Sunday, June 20 2021 | ASIA TODAY INTERNATIONAL - Reporting the Business that Matters in Asia
MERS adds to Korea's economic woes
THE MERS outbreak has hurt, but the real concern should perhaps be on Seoul’s slowing economy . . .
SEOUL — As South Korea enters into its usual languid summer, any sentient visitor to Seoul will sense the palpable impression of the still-evolving economic and political effect of the most significant outbreak of MERS (Middle East Respiratory Syndrome) yet outside its region of origin.
That Korea, the erstwhile Hermit Kingdom, would be, above all other countries, hardest hit is symptomatic of both Korea’s globalisation drive and the contrary perception that somehow it is immune from the fortitudes and vicissitudes of broader global trends (and thus slower to respond when affected).
The Park Geun-hye Administration, already assailed for its perceived inept response to the April 2014 sinking of the Sewol ferry that tragically took nearly 300 lives, is taking still more flack for its perceived initial missteps when MERS first made its appearance.
Actual unfolding of the MERS crisis was reminiscent of AIDS when it first appeared in the US. The first case, finally diagnosed on May 20, was initially not recognised by several hospitals despite repeated visits. The hospitals then
became major spreaders themselves as a result.
By the time MERS was identified in Korea, hundreds of people had been exposed and public health authorities belatedly scrambled to quarantine those exposed, in a desperate race to get ahead of it. As this issue went to press, 32 had died, 182 were in hospital and 2,562 remained in quarantine (of a total 14,500).
The rising toll of the casualties, hospitalised and quarantined has been daily news, but less reported was the number (74 as of June 25) cured and released. The mortality rate in South Korea is at 17.5 per cent, slightly less than half of WHO estimates of 36 per cent globally.
The economic impact is reminiscent of mourning in the aftermath of the Sewol ferry disaster in April 2014, which resulted in mass cancellation of celebratory events. With MERS, public events such as conferences have been cancelled, hospitals closed and quarantined, and at least 120,000 tourists (mostly Chinese) have deferred their plans.
GDP projections for 2015 have fallen from 3.8 per cent last December to 3.1 per cent as of the end of June, although how much is due solely to MERS is as yet uncertain. Inflation projections also declined from 2 per cent to 0.7 per cent.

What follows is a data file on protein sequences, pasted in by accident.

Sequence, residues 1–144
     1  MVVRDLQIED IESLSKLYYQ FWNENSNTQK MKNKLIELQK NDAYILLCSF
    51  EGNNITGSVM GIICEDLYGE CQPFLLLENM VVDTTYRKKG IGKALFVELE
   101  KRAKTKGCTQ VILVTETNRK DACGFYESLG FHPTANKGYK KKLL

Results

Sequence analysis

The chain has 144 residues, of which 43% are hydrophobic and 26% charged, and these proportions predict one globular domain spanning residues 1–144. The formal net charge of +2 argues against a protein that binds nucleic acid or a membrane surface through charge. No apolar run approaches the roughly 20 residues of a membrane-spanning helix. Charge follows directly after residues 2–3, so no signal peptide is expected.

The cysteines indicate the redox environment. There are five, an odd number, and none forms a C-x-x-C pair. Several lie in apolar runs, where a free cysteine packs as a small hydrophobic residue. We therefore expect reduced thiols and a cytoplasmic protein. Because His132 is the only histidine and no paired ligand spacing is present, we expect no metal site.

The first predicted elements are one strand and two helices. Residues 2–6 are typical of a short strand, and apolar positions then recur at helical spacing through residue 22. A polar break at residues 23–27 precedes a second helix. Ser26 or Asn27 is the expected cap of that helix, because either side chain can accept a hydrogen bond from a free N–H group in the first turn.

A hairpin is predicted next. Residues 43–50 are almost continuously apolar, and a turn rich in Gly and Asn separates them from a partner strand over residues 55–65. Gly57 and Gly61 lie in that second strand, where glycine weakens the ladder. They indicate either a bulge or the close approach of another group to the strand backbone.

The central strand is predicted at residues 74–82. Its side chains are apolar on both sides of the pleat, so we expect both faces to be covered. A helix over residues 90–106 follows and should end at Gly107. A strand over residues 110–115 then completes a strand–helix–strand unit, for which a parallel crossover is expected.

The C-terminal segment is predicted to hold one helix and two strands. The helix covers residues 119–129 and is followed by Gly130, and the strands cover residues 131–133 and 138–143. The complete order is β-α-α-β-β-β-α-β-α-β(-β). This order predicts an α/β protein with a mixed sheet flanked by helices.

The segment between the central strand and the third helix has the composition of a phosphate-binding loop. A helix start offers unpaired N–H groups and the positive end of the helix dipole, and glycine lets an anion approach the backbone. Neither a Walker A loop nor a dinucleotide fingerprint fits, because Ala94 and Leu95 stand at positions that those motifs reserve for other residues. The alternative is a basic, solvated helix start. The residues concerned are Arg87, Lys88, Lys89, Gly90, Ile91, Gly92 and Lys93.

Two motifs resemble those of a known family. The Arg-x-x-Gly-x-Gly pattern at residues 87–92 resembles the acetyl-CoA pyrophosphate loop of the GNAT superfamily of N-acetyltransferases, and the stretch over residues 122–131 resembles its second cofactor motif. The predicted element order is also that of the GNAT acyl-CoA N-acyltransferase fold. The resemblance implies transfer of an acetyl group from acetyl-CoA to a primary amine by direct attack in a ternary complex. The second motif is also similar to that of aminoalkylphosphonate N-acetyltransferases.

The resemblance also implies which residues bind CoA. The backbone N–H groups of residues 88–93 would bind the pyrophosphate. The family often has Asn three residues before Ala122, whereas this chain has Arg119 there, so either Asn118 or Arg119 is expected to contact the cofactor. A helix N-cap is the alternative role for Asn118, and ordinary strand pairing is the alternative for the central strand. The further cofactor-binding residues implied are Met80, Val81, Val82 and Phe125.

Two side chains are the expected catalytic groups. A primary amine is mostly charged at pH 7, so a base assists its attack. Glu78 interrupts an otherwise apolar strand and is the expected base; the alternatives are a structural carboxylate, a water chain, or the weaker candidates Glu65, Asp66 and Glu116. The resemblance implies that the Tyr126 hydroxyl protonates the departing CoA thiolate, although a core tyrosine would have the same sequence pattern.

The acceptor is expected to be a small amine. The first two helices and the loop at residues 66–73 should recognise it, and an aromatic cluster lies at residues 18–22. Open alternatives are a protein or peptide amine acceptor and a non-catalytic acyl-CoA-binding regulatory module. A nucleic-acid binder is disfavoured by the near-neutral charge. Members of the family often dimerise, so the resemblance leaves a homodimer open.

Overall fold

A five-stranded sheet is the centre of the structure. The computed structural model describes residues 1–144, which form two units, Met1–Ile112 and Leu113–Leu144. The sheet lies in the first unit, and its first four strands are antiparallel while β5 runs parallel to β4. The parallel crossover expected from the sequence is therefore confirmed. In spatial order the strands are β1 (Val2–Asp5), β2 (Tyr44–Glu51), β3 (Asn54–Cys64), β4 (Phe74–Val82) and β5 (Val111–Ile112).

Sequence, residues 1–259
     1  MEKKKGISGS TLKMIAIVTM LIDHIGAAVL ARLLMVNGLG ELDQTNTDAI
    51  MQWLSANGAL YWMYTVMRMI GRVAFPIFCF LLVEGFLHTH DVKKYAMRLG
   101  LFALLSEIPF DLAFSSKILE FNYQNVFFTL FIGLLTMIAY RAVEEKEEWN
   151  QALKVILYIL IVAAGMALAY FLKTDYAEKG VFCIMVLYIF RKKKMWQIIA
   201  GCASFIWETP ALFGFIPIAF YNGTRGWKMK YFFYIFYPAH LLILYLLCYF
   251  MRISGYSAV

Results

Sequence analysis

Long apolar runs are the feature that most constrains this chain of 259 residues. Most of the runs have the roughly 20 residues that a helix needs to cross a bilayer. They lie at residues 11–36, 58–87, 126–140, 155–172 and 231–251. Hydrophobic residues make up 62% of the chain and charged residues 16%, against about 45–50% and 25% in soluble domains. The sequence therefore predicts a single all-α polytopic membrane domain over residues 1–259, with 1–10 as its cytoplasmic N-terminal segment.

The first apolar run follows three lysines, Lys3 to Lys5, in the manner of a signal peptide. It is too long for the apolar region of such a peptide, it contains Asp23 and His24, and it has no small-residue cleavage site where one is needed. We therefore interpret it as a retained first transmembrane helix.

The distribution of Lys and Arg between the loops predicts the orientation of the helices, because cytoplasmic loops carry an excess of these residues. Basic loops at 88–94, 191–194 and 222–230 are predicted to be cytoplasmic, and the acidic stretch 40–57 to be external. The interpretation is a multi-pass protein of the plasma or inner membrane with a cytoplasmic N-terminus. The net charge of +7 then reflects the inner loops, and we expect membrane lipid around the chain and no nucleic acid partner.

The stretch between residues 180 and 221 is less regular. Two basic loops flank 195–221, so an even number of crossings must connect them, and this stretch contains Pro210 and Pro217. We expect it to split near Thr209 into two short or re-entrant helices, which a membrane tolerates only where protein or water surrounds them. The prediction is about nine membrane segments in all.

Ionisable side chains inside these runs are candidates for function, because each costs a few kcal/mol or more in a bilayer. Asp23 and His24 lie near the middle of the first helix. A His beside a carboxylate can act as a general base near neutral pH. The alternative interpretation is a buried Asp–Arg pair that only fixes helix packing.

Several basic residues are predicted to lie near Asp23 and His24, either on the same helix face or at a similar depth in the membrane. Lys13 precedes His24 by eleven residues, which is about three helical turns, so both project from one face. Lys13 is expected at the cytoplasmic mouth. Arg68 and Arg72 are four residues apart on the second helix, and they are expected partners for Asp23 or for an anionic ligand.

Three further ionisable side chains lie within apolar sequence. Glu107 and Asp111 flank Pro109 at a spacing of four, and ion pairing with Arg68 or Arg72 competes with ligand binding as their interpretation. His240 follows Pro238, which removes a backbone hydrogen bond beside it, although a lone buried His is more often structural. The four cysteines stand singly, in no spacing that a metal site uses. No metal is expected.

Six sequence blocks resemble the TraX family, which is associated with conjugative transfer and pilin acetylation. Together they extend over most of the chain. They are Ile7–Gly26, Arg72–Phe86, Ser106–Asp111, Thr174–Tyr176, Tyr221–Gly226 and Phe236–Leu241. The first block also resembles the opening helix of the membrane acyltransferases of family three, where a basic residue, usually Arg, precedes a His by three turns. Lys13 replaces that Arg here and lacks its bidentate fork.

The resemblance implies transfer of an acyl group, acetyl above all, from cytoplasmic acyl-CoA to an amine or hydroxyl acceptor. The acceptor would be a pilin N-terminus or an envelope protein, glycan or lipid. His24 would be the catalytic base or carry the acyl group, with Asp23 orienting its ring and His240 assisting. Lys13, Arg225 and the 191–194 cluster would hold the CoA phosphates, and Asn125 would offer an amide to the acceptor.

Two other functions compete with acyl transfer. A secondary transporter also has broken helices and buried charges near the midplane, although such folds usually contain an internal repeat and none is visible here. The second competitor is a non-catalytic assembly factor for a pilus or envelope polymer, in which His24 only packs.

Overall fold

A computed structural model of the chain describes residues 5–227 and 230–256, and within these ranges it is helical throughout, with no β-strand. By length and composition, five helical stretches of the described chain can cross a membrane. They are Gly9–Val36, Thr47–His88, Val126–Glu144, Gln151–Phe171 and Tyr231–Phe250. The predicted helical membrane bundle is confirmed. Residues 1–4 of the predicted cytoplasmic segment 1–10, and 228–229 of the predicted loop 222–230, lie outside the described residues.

In the first week of June, department store sales fell 17 per cent compared to the same period of 2014, and by 9.0 per cent in the
second week. Visitors to amusement parks fell 60 and 45 per cent, respectively, for the first two weeks of June. That mid-June declines were lower than the first week’s figures suggest that the initial shock is beginning wear off.
Nevertheless, in response to declining consumer confidence (lowest since December 2012) fuelled by, in addition to MERS, declining exports (down nearly 11 per cent in May, the sharpest decline in six years), and a severe drought, the Government announced a KRW 15 trillion (US$13.5 billion) stimulus package. It is seen as inadequate. Hyundai Research Institute estimates that KRW20 trillion is required to sustain a 3.0 per cent growth rate.
The Bank of Korea has cut its key interest rate to 1.5 per cent as a further stimulus measure, while large conglomerates such as Hyundai Motor, Korea Telecom and SK, have introduced initiatives including delayed payments, vouchers for employees and gift certificates in a bid to boost domestic consumption.
Despite media focus on the short-term economic impact of MERS, the real concern should be on the slowing Chinese economy, Korea’s leading (and increasingly significant) economic trade partner.
The two countries officially signed an FTA on June 1, expected to boost bilateral trade to more than US$300 billion (and even higher should negotiations scheduled for 2017 remove barriers to trade in services). As tariffs on 90 per cent of bilateral trade are removed over the next two decades, the two economies will become increasingly intertwined.
Growing reliance on China was evident when Korea (along with most of Asia, apart from Japan) signalled its intention in April, in defiance of US dismay, to join the Chinese-led Asian Infrastructure Investment Bank (AIIB).
Should the Chinese economy slow further or even stall, the impact of MERS will be as analogous as the common cold is to pneumonia (or even MERS itself).